Why You Need a Criminal Defense Attorney

When you are facing serious criminal charges, it is imperative that you retain an experienced criminal defense attorney. The lawyers at Robinson & Associates have over 20 years experience in defending clients against criminal charges. Contact Robinson & Associates for an immediate and free consultation at 443-524-7395
Domestic Assault

When you have been arrested on a charge of domestic assault, you are facing serious legal consequences. The court system in the State of Maryland is there to protect victims and may do so at the expense of innocent defendants. Judges can order you out of your house to protect a spouse and implement restraining orders to keep you from seeing your children if they deem in necessary to protect the kids. Once charges have been filed against a defendant, the case is assigned to a prosecutor or Deputy District Attorney. It is their job to represent the people of the State of Maryland. The victim cannot drop the domestic assault charges if they subsequently change their mind about proceeding forward, meaning the State will prosecute the matter irrespective. It is the responsibility of the State to ensure that the law is enforced and to protect the victim(s) from further abuse by the defendant.

How Domestic Assault Cases Are Prosecuted

When the prosecuting attorney examines the case, they will take into consideration the ability and desire of the victim to assist in pursuing prosecution. The case might be jeopardized due to fear of retaliation and/or threats made by the perpetrator. However, the ultimate decision as to whether or not the case will proceed remains at the discretion of the prosecutor’s office.

A conviction for a first-degree domestic violence offense carries a maximum sentence of up to 25 years in state prison. If convicted of a second-degree violence offense, you will be facing up to ten years in state prison and a fine of up to $2,500.

When the case involves serious injuries inflicted upon the victim, the prosecutor may decide to charge the defendant with assault and battery in addition to any domestic assault charges. In this scenario, assault charges may result in a felony conviction on the defendant’s permanent record.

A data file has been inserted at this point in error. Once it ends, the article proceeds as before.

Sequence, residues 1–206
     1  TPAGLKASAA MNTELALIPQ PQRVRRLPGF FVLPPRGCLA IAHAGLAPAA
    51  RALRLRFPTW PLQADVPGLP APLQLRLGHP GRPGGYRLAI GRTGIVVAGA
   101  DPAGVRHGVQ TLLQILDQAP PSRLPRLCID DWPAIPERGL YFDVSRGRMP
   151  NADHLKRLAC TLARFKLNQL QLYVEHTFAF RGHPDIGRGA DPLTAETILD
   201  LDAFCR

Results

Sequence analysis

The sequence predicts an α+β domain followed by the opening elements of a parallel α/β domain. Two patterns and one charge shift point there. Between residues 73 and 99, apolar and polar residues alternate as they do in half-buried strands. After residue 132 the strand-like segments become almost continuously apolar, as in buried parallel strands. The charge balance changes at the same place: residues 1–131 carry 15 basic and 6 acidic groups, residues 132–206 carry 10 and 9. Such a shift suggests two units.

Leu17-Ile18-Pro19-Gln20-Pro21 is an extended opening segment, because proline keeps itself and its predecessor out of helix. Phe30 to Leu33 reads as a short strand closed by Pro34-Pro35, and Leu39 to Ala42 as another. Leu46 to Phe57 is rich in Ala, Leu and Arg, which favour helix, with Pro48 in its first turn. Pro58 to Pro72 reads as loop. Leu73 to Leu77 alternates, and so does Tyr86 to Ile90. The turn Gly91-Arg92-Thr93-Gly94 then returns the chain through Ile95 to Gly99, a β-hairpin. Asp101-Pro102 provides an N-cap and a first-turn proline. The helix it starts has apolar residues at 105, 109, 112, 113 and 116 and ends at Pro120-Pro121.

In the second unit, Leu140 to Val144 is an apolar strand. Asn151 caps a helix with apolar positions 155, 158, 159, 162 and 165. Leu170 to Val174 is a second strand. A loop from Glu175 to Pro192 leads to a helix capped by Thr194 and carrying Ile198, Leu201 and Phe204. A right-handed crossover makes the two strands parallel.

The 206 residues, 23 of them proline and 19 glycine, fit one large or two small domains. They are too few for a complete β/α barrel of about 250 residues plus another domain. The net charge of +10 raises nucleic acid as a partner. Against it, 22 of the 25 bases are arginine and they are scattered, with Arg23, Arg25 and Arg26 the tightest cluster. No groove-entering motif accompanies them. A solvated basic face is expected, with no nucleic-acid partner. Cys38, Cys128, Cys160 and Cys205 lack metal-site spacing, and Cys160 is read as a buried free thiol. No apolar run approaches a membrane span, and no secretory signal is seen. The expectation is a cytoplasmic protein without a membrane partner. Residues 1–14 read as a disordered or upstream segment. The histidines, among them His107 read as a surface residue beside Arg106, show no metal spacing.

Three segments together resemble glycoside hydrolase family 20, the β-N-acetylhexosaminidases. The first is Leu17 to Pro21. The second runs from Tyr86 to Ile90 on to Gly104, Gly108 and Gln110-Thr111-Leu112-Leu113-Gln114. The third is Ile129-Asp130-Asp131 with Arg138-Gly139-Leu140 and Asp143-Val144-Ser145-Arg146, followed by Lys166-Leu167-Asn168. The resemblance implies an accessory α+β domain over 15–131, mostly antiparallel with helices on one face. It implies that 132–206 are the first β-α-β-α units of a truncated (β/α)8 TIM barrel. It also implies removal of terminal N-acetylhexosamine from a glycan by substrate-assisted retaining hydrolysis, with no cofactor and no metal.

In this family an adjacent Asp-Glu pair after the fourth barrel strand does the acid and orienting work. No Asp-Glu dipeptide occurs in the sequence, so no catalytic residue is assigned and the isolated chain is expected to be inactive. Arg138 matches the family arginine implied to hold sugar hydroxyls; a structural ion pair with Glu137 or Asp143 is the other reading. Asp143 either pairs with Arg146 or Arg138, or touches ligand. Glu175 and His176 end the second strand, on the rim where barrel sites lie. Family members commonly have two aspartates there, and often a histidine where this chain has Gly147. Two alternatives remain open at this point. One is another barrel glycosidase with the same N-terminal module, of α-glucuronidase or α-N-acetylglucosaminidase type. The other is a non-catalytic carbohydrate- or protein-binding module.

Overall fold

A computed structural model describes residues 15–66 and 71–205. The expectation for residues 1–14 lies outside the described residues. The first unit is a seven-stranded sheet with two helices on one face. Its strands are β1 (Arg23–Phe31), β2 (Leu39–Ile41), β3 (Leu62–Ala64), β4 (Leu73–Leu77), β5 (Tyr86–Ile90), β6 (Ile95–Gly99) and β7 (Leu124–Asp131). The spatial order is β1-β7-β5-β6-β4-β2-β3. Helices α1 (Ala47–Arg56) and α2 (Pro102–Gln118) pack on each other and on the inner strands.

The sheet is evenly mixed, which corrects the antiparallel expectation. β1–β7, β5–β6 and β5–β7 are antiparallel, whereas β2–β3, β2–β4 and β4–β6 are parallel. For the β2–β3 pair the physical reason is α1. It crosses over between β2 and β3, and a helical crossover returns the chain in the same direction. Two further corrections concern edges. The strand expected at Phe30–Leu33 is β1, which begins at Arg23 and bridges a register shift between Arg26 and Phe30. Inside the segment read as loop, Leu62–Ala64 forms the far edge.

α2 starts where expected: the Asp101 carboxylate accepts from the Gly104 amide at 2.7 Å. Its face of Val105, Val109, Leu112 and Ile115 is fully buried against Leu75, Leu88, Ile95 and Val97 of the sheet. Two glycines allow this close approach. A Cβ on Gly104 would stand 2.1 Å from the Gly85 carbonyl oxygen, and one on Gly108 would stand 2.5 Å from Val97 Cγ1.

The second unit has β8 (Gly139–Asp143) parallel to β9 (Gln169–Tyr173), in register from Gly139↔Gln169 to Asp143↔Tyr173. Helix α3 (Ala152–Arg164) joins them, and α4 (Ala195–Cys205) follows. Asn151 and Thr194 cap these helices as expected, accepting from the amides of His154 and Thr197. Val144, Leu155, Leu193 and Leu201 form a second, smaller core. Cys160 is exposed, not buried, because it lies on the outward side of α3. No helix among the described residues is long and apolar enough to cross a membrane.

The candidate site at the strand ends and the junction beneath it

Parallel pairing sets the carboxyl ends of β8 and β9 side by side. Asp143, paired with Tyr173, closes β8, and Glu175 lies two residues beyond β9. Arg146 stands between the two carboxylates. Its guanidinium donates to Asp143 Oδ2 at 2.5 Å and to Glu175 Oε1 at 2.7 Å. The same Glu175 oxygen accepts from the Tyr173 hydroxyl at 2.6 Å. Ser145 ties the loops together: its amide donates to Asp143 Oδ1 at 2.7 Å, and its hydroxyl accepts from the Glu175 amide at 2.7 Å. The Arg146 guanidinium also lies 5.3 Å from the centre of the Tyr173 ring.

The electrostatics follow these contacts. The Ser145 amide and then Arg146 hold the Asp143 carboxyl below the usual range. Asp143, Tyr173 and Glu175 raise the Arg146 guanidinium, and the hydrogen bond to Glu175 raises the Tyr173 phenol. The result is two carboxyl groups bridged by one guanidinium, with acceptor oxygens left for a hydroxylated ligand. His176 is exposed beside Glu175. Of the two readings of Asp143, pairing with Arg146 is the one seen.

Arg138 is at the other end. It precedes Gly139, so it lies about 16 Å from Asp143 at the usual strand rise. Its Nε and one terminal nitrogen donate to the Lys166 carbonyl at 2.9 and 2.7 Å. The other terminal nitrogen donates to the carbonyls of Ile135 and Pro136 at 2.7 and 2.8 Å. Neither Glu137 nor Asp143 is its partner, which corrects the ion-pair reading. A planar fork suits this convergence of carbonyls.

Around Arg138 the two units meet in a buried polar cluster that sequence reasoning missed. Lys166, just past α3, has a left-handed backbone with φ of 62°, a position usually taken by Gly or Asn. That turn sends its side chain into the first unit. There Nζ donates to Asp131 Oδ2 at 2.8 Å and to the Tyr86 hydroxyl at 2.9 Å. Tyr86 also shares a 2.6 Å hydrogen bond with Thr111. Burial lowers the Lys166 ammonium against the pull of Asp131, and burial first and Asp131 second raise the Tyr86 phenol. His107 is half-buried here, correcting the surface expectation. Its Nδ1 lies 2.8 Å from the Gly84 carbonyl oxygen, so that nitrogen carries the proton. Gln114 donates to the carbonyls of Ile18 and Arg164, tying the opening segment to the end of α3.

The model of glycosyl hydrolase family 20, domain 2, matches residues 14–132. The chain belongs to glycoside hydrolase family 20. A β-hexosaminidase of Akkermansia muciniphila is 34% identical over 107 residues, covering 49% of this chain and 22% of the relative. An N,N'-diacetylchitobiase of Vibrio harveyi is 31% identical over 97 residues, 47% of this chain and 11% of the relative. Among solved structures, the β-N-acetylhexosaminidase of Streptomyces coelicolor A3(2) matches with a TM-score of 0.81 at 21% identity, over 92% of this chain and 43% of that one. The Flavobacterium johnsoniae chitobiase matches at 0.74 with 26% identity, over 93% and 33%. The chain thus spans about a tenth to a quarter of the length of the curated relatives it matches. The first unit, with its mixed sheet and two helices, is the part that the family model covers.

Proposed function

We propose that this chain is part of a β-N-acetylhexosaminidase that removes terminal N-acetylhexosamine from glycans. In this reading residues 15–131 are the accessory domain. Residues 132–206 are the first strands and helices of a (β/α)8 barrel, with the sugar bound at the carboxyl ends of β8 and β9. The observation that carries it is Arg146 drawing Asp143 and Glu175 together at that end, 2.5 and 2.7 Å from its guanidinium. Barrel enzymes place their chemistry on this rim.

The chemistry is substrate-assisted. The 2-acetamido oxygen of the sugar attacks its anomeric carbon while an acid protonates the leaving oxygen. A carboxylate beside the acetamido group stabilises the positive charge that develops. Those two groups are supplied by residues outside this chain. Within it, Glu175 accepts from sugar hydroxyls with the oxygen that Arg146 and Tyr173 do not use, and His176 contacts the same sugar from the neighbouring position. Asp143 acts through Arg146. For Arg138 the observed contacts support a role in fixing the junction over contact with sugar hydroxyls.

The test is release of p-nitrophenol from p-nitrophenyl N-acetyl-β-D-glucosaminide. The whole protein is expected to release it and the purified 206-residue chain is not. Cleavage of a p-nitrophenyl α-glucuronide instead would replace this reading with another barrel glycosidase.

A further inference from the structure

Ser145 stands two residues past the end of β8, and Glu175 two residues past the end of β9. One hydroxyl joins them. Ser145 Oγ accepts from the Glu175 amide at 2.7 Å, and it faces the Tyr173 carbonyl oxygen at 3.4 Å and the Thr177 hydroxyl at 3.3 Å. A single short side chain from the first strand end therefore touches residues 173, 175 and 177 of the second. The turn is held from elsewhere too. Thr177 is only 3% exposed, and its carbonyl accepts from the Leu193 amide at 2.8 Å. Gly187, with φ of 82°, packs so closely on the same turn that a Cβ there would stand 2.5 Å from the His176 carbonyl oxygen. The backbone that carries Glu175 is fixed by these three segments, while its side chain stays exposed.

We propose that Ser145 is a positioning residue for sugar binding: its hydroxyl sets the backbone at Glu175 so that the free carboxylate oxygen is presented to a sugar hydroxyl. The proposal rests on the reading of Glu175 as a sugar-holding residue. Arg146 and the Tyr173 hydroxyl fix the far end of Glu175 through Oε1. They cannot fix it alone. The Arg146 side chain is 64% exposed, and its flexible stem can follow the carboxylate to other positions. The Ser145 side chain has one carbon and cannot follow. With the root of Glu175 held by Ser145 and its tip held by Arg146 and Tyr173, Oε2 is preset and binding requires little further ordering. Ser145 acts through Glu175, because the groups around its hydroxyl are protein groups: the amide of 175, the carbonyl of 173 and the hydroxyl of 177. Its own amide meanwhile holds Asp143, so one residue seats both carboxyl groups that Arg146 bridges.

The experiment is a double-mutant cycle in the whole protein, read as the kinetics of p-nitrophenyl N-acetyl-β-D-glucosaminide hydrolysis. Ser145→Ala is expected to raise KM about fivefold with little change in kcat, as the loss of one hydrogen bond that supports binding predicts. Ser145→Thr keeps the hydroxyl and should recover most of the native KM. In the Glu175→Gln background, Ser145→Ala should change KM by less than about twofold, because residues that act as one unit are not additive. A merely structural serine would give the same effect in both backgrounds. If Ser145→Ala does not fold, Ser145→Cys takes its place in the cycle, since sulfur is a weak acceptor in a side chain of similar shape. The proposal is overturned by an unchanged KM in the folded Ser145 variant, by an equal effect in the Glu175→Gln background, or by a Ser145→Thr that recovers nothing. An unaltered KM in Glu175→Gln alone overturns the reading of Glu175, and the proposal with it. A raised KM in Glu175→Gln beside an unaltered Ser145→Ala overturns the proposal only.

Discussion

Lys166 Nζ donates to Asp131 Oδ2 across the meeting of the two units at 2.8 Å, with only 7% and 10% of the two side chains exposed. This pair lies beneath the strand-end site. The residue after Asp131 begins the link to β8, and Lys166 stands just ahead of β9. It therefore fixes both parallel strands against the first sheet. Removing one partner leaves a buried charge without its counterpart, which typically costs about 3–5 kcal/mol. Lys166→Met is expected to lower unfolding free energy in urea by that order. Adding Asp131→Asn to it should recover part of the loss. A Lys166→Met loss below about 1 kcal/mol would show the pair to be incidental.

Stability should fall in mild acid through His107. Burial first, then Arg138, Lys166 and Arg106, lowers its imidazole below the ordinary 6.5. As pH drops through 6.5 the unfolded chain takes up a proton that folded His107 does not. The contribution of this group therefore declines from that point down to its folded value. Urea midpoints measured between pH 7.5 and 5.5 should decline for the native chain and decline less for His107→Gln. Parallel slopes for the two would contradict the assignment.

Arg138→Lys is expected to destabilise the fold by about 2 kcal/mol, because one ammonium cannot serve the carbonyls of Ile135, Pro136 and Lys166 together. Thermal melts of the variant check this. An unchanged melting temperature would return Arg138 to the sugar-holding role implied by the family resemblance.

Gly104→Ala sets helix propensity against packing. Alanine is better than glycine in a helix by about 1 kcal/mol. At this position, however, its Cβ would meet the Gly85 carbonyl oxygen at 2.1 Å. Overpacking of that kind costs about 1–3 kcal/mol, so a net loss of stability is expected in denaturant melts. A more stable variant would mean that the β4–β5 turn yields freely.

Mounting a Defense Against Criminal Charges

In order to obtain a conviction, the prosecution must be able to prove that the defendant is guilty beyond a reasonable doubt. Married couples often have arguments that escalate into a heated situation. Often times it may be your word against your spouse’s. However, you can offer a solid defense by presenting any witnesses that were present at the time the altercation took place. Defense counsel may be able to impeach the credibility of your spouse’s testimony if it conflicts with the statements that were given to the officers at the time of your arrest.

The court may consider the person justified in their actions if they were in the process of protecting themselves against a perceived threat. The victim may have been harmed when the defendant employed self-defense measures in order to escape bodily injury from a drunken spouse. Once a case goes forward, it will be up to the judge or jury to decide who is telling the truth. It is important to maintain your composure during these proceedings and listen to the advice of your legal counsel.

Getting Legal Help From a Criminal Defense Lawyer

When you hire a legal professional to defend you, they will examine all the facts of the case in order to mount an appropriate defense to protect your rights. Criminal defense attorneys can explain how the judicial process works and what penalties you may be facing. Just because you have been arrested does not mean that the prosecutor will obtain a conviction. That is why it is important to retain experienced legal counsel immediately when you are facing criminal charges. Contact Robinson & Associates for an immediate and free consultation at 443-524-7395.